NOTE: The content below contains the first few paragraphs of the printed article and the titles of the sidebars and boxes, if applicable.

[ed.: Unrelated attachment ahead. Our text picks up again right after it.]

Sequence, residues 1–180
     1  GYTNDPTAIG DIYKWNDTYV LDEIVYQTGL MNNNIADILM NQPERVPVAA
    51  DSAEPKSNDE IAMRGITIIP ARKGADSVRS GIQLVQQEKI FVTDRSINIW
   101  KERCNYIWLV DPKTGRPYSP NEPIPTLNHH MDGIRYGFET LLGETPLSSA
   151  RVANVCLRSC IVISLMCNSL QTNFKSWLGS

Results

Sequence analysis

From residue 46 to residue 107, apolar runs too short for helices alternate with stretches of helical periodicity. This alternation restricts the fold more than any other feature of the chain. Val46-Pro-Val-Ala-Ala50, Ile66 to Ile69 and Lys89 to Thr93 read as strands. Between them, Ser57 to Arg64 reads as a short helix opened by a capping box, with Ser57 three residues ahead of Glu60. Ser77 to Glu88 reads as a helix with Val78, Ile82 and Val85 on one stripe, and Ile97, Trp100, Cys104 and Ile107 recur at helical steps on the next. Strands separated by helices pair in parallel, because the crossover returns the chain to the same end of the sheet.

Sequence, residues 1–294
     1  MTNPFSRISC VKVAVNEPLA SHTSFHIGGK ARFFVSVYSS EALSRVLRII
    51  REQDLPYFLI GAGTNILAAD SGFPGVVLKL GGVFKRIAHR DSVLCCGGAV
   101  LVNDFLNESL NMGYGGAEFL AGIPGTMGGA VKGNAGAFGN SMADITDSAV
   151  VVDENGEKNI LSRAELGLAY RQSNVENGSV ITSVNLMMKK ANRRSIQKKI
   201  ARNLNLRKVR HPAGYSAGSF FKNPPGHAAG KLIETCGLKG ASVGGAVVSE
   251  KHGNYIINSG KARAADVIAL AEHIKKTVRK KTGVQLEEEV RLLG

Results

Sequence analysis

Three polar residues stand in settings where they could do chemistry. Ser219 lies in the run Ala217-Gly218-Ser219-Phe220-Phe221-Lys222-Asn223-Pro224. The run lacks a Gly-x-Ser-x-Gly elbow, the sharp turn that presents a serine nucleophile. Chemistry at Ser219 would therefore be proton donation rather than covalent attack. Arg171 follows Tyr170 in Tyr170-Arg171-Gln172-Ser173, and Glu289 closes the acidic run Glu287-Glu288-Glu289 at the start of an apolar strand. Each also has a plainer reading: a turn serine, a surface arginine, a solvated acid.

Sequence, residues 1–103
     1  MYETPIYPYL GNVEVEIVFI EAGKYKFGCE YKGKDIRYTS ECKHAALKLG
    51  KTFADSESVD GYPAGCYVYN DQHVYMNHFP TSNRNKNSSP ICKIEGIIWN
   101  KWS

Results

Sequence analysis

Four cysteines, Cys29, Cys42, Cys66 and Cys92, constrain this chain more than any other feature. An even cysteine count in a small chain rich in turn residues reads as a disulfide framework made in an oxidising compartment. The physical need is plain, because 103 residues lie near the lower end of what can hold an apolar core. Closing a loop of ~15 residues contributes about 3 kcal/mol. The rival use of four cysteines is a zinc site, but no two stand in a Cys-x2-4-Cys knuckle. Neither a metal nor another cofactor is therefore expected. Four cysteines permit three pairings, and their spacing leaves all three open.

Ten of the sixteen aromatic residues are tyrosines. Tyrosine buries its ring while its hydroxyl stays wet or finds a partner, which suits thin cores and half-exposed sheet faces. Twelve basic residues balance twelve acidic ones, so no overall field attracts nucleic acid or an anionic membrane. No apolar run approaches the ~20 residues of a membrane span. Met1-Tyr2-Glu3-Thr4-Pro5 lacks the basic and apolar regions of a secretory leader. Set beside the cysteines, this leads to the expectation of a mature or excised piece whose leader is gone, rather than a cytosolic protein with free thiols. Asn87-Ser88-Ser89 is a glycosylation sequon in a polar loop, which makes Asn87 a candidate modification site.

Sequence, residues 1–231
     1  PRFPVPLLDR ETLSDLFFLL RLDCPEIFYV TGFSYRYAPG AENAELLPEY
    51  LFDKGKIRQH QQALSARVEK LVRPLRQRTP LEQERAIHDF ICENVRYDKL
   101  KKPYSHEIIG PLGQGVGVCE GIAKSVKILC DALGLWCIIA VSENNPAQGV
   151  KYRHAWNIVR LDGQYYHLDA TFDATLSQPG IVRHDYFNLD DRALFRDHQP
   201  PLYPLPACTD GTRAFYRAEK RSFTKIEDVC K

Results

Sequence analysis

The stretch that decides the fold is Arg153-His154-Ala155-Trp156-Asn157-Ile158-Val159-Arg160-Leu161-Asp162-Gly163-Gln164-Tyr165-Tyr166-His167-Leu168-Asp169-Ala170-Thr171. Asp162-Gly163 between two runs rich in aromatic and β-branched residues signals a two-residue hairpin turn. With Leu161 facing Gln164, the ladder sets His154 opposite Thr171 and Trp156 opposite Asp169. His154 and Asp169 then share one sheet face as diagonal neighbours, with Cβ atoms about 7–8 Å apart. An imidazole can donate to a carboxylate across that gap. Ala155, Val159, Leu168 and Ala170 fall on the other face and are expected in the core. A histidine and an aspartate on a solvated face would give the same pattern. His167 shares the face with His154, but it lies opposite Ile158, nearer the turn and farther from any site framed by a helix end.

While global spending on new drug development has been growing at an annual rate of 9.1% during this past decade, spending on contract clinical services has been growing almost 50% faster, at an annual rate of 13.4%, according to the Tufts Center for the Study of Drug Development. Even as the number of companies with active clinical projects worldwide increased by 80% between 2000 and 2008, sponsors have kept their R&D headcount level by working with CROs. The trend to work even closer — to improve R&D efficiency — will continue as both parties develop alliances in place of traditional transactional relationships. Companies are moving toward the outsourcing of the entire development phase rather than components through new strategic partnering arrangements. “This provides companies with the ability to drive more effective risk sharing arrangements that help to minimize the loss of ROI through late stage failures,” says Terri Cooper, principal and national leader, life-sciences R&D practice, Deloitte Consulting. “In development, the objective should be to mitigate execution, financial, and regulatory risk.” Beth Price, executive VP at The Medical Affairs Company, says pharma has clearly accepted and embraced the value of outsourcing spanning a variety of services respective to the early phases of preclinical development to the more advanced commercialization phases. “It is without question that our industry continues to receive enormous pressure to reduce costs, get drugs to market as quickly as possible, and use internal resources as efficiently as possible,” she says. “With respect to the area of medical affairs commercialization strategies, pharmaceutical, biopharmaceutical, and medical device companies have significantly expanded their use of outsourced, field-based medical personnel, including medical science liaisons, drug information, and pharmacovigilance services during the peri-launch and launch phases of drug development through partnerships with contract medical organizations (CMOs).” She says the smaller, emerging and midsize companies comprise the lion’s share of companies outsourcing these pre- and early-market medical affairs services because of a host of factors, including: limited internal resources, lack of infrastructure, expertise surrounding these competency areas, and, oftentimes, the risks associated with not having a formal FDA-approved drug. “The flexibility and convenience afforded to companies from partnering with CMOs during this provisional growth period enables them to thoughtfully and strategically launch their medical affairs commercialization structure while simultaneously developing an internal medical affairs department,” Ms. Price says. The majority of outsourcing is in the later phases of drug development, but this is changing, says Amar Sethi, M.D., Ph.D., VP, science and technology at Pacific Biomarkers. “Late-phase work is outsourced because later phases require more regulation and standardization, and this can be readily monitored,” he says. Outsourcing Discovery Experts are beginning to see more companies outsource sooner in the development process. In fact, many smaller biotech companies are outsourcing early-phase development, says Graham Reynolds, VP of marketing and innovation pharmaceutical delivery systems at West Pharmaceutical Services. “Manufacturers are outsourcing noncore competencies and increasingly relying on CMOs to provide solutions and expertise,” he says. “Early partnerships with device and technology providers help reduce time to market while helping to ensure that the final product meets all requirements, and is delivered in a safe, effective, and identifiable package.” Ms. Cooper says companies are outsourcing discovery for the same reasons as in development: life-sciences companies are looking for strategic partnerships that will leverage an increase in the risk sharing and thereby provide them with increased funding to drive more products through the discovery pipeline, and to mitigate scientific risk. Experts from Kalorama Information say several trends have led to an increase in demand for contract services in drug discovery: • Development of new technologies that continued to increase the number of targets and accelerate the identification of active compounds; • Pressure to develop new lead compounds because of the near-term loss of patent protection for many drug products; • Increased pressure to reduce the time spent in drug discovery and to bring drugs to market sooner; • Increased focus on converting fixed costs to variable costs and streamlining operations by contracting for research and development services; • Heightened regulatory environment and increased complexity that made the internal management of complicated discovery projects more difficult and costly; and • Biotechnology and emerging pharmaceutical companies, in many cases, lacking the required in-house drug discovery and development expertise. The time-consuming and labor-intensive nature of discovery programs makes it a target of outsourcing to gain cost-efficiency, says Paul Chung, chief operation officer of ISI. “There are several reasons for this, the top three include the usual suspects: cost, speed, and yields,” he says “But intellectual property-related concerns remain and careful administration of the programs and governance measures will need to be applied.” Jason Hwang, M.D., executive director of healthcare at Innosight Institute, says for many traditional pharmaceutical companies, outsourcing discovery has become necessary simply because the timeline and end-products of discovery are highly unpredictable, while the commercial operations of the firm demand predictability. “To compensate for this incongruence and feed the beast, firms have had to look outside for help,” Dr. Hwang says. Another major trend that continues to gain momentum is choosing outsourcing partners in Asia and Eastern Europe. Pharmaceutical and biotech companies are increasingly outsourcing discovery programs and collaborating with CROs more and more,” says Glenn Gormley, M.D., Ph.D., chief science officer, co-head, research & development, Daiichi Sankyo, and global head of development, president, at Daiichi Sankyo Pharma Development (DSPD). “In fact, CROs provide the flexibility in the workforce necessary to manage through difficult very turbulent times,” he says. “Additionally, CROs allow companies to react to contracting portfolios when projects fail, which is the model that provides the most flexibility today.” Another trend, Mr. Reynolds says, is outsourcing specialized testing, such as extractables and leachables testing and functional testing related to the delivery system. Dr. Sethi says early collaboration with CROs establishes a greater amount of confidence on the part of the drug developer, which in turn leads to comfort in working collaboratively or as partners in creating potential companion diagnostics. “These can be used in later phases of development and postmarketing,” he says. “Also, if the discovery program is heavy on technology requirement outsourcing could be less costly and faster. Regulatory requirements at GLP level could also drive early collaboration or partnership.” Dr. Gormley says one of the main drivers for outsourcing discovery programs is cultivating long-term relationships that allow all parties to benefit from the shared knowledge, technology, and key learnings. “This approach will ultimately simplify and streamline the planning and implementation of clinical studies, reduce study conduct delays, and improve investigative site adherence and overall performance,” Dr. Gormley says. “Partnership models with real risk-sharing relationships are becoming more common, replacing the traditional contractor-based relationships.” Outsourcing Development Susan Bornstein, executive VP at eClinical Solutions, says clinical operations are most frequently outsourced because sponsor companies require the ability to scale resources based on the phase of the clinical trial, the volume of the data, the pace of patient enrollment, and the ability to find patients. “Since EDC and clinical data management are not core competencies for sponsors, they outsource them, leaving time for them to focus on their area of expertise: the science,” she says. Todd Reul, director of clinical services at ClearTrial, says Phase I and early Phase II are crucial to the success probability of a program. “In the early phases of clinical research, sponsor companies are motivated to be as close to the drug candidate as possible to ensure they have a good understanding of the safety, pharmacokinetic, and pharmacodynamics of the drug,” he says. “This knowledge is then used by the sponsor to determine the next research steps to take to increase the success probability of the drug candidate. Secondly, they want to minimize a perceived risk in outsourcing activities. The view is that outsourcing is best suited for operational efficiency, not scientific exploration.” After this stage, he says, outsourcing is more palatable because clinical trials are less about scientific discovery and more about building a clinical database to ensure the drug is both safe and effective. “In addition, the size and scope — number of sites, subjects, location of sites, etc. — of late Phase II, Phase III, and Phase IV clinical trials typically demand more resources than are available at most sponsor companies,” Mr. Reul says. Dr. Gormley says with development portfolios changing with greater variances than they used to, it’s important to react to sudden bursts of need for a large development expertise. “That is why pharmaceutical and biotech companies are increasingly outsourcing critical functions, such as site selection, clinical site management, safety surveillance, IT support, compliance training, and even the implementation of electronic clinical trial technology,” he says. Some organizations are far more comfortable with outsourcing than others. “Companies that are strategically outsourcing are able to speed the development of drug candidates much more than those that are tactically outsourcing,” says John Blakeley, executive VP at ERT. “Those that are tactically outsourcing tend to do so on a functional basis and are cautious when they believe outsourcing encroaches into the intellectual property. Larger companies tend to be more tactical while smaller companies often allow vendors closer to the intellectual property as they need a broader base of expertise from which to work.” Mr. Reul says one significant outsourcing trend — increasing levels of sponsor/CRO collaboration — has emerged in efforts to make the sponsor/CRO relationship more efficient, and this is a natural extension of the shift toward preferred provider relationships. “A growing number of biopharmaceutical and medical device companies are entering into more extensive relationships with CROs in order to integrate systems and processes and achieve higher levels of efficiency,” Mr. Reul says. “As such, pharmaceutical companies are transferring more operating risk to contract service providers. They also are taking steps to achieve greater transparency and deeper sharing of development cost and time data in order to exploit the efficiencies offered by more integrated relationships. New organizational approaches as well as new technology are making this possible.” James DeSanti, CEO of PharmaVigilant, says sponsors need transparency into data and projects so that they can comfortably outsource. “Sponsors can no longer ask vendors to self-police; they must have checks and balances in place,” he says. F PharmaVOICE welcomes comments about this article. E-mail us at firstname.lastname@example.org. Continued Outsourcing Expected Sponsors are expected to develop better resource planning and forecasting methodologies that rely on more integrated relationship structures with contract research organizations. Dr. Amar Sethi Pacific Biomarkers “Early collaboration with CROs establishes a greater amount of confidence on the part of the drug developer, which in turn leads to comfort in working collaboratively or as partners in creating potential companion diagnostics.” Factors that Contribute to a Successful R&D Transformation n Assemble the correct team: Involve members from all levels of the organization. Provide teams with necessary resources and mix of skills. n Communicate effectively internally: Explain changes and rationale to employees at all levels. n Maintain leadership engagement: Serve as an example and prevent reversion to legacy processes. Source: Deloitte. For more information, visit deloitte.com. Dr. Jason Hwang Innosight Institute “For many traditional pharmaceutical companies, outsourcing discovery has become necessary simply because the timeline and end-products of discovery are highly unpredictable, while the commercial operations of the firm demand predictability.” Global Drug Discovery Outsourcing Market 2005-2013 ($ in billions) The Conversion of Data into Insights R&D organizations will be empowered for high performance only if they develop a fundamental, underlying new capability. This critical new capability is D2i: the ability to convert data into product-shaping, market/customer-influencing insights. In the future, these capabilities will be game changing. For example: n The global attributes of the future model are already evident today in many organizations’ multinational regulatory intelligence capabilities. In five years, areas of global capability will have expanded to include sentiment monitoring across patient support and advocacy groups, regulatory advisory panels, and physicians. n The transparency attributes of the future model are likely to take fuller shape in such capabilities as pharmacovigilance and predictive toxicology. n The networked aspect of the future model is already evident in genomic target qualification and validation, which connects the dots across research sources. n The outcomes focus that lends itself to the bundling of healthcare services is evident today in tools such as patient characterization and segmentation, cohort analysis, predictive modeling, simulation/modeling for protocol design and adaptive clinical trials, and patient recruitment. n In five years, this focus will have emerged more fully in such applications as evidence-based medicine that leverages health outcome data; trial design based on information contained in electronic health records; and the conversion of genomic data into insights for truly personalized medicine. Source: Accenture. For more information, visit accenture.com. John Blakeley ERT “Companies that are strategically outsourcing can speed the development of drug candidates much more than those that are tactically outsourcing.” Graham Reynolds West Pharmaceutical Services “Manufacturers are outsourcing non-core competencies and increasingly relying on CMOs to provide solutions and expertise.” Beth Price The Medical Affairs Company “The flexibility and convenience afforded to companies from partnering with CMOs during this provisional growth period enables them to thoughtfully and strategically launch their medical affairs commercialization structure while simultaneously developing an internal medical affairs department.” John Blakeley. Executive VP, ERT is a global provider of technology and services to the pharmaceutical, biotechnology, and medical-device industries. For more information, visit ert.com. Susan Bornstein. Executive VP, eClinical Solutions, a division of Eliassen Group, which takes a strategic approach to managing clinical trial data by combining data management with statistical programming, reporting, and customized training solutions integrated with a clinical data repository to deliver a complete end-to-end data management solution. For more information, visit eclinicalsol.com. Paul Chung. Chief Operating Officer, Image Solutions Inc. (ISI) offers a range of software solutions and services to help pharma organizations navigate the licence applications publishing, and submission process, ensuring complete compliance with national and international format requirements as well as a suite of regulatory information management applications that drive, track, and manage postapproval commitments. For more information, visit imagesolutions.com. Terri Cooper. Principal and National Leader, Life Sciences R&D Practice, Deloitte Consulting LLP, offers a menu of professional services delivered in an integrated, collaborative approach that cuts across all segments of the health plan, health provider, and life-sciences industries. For more information, visit deloitte.com. James J. DeSanti. CEO, PharmaVigilant, a SaaS company, provides broad technologies to streamline the clinical trial process for biopharmaceutical companies. For more information, visit pharmavigilant.com. Glenn Gormley, M.D., Ph.D. Chief Science Officer, Co-head, Research & Development, Daiichi Sankyo, and Global Head of Development, President, Daiichi Sankyo Pharma Development (DSPD), is dedicated to the creation and supply of innovative pharmaceutical products to address the diversified, unmet medical needs of patients in both mature and emerging markets. For more information, visit dsi.com. Jason Hwang, M.D. Executive Director of Health Care, Innosight Institute, a nonprofit, nonpartisan think tank whose mission is to apply Harvard Business School Professor Clayton M. Christensen’s theories of disruptive innovation to develop and promote solutions to the most vexing problems in the social sector. For more information, visit innosightinstitute.org. Beth Price. Executive VP, The Medical Affairs Company (TMAC), a provider of strategically aligned and customized MSL programs. For more information, visit themedicalaffairscompany.com. Todd Reul. Director, Clinical Services, ClearTrial, which provides clinical trial operations (CTO) software that makes the planning, forecasting, and tracking of clinical project and financial performance faster and more accurate. For more information, visit cleartrial.com. Graham Reynolds. VP, Marketing and Innovation Pharmaceutical Delivery Systems, West Pharmaceutical Services Inc., a global manufacturer of components and systems for injectable drug delivery, including stoppers and seals for vials, and closures and disposable components used in syringe, IV, and blood collection systems. For more information, visit westpharma.com. Amar Sethi, M.D., Ph.D. VP, Science and Technology, Pacific Biomarkers (PBI) provides biomarker laboratory services and contract research services to support pharmaceutical and diagnostic manufacturers conducting human clinical trial research. For more information, visit pacbio.com. Sidebars: Factors that Contribute to a Successful R&D Transformation Global Drug Discovery Outsourcing Market 2005-2013 The Conversion of Data into Insights